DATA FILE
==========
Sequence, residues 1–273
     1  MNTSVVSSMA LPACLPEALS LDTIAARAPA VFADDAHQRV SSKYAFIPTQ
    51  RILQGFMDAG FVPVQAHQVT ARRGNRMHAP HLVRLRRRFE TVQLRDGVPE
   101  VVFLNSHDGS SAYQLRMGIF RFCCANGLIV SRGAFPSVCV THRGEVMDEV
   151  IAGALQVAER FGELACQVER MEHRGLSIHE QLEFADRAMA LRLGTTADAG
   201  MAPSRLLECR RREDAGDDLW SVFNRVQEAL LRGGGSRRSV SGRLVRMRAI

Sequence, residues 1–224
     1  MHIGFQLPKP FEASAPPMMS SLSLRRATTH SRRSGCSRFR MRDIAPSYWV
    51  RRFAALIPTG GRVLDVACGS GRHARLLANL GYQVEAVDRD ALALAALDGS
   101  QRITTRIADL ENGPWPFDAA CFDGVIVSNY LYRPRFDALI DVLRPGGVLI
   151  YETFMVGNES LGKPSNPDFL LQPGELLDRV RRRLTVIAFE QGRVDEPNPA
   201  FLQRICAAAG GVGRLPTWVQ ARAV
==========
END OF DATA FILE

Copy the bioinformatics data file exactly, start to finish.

Sequence, residues 1–273
     1  MNTSVVSSMA LPACLPEALS LDTIAARAPA VFADDAHQRV SSKYAFIPTQ
    51  RILQGFMDAG FVPVQAHQVT ARRGNRMHAP HLVRLRRRFE TVQLRDGVPE
   101  VVFLNSHDGS SAYQLRMGIF RFCCANGLIV SRGAFPSVCV THRGEVMDEV
   151  IAGALQVAER FGELACQVER MEHRGLSIHE QLEFADRAMA LRLGTTADAG
   201  MAPSRLLECR RREDAGDDLW SVFNRVQEAL LRGGGSRRSV SGRLVRMRAI

Sequence, residues 1–224
     1  MHIGFQLPKP FEASAPPMMS SLSLRRATTH SRRSGCSRFR MRDIAPSYWV
    51  RRFAALIPTG GRVLDVACGS GRHARLLANL GYQVEAVDRD ALALAALDGS
   101  QRITTRIADL ENGPWPFDAA CFDGVIVSNY LYRPRFDALI DVLRPGGVLI
   151  YETFMVGNES LGKPSNPDFL LQPGELLDRV RRRLTVIAFE QGRVDEPNPA
   201  FLQRICAAAG GVGRLPTWVQ ARAV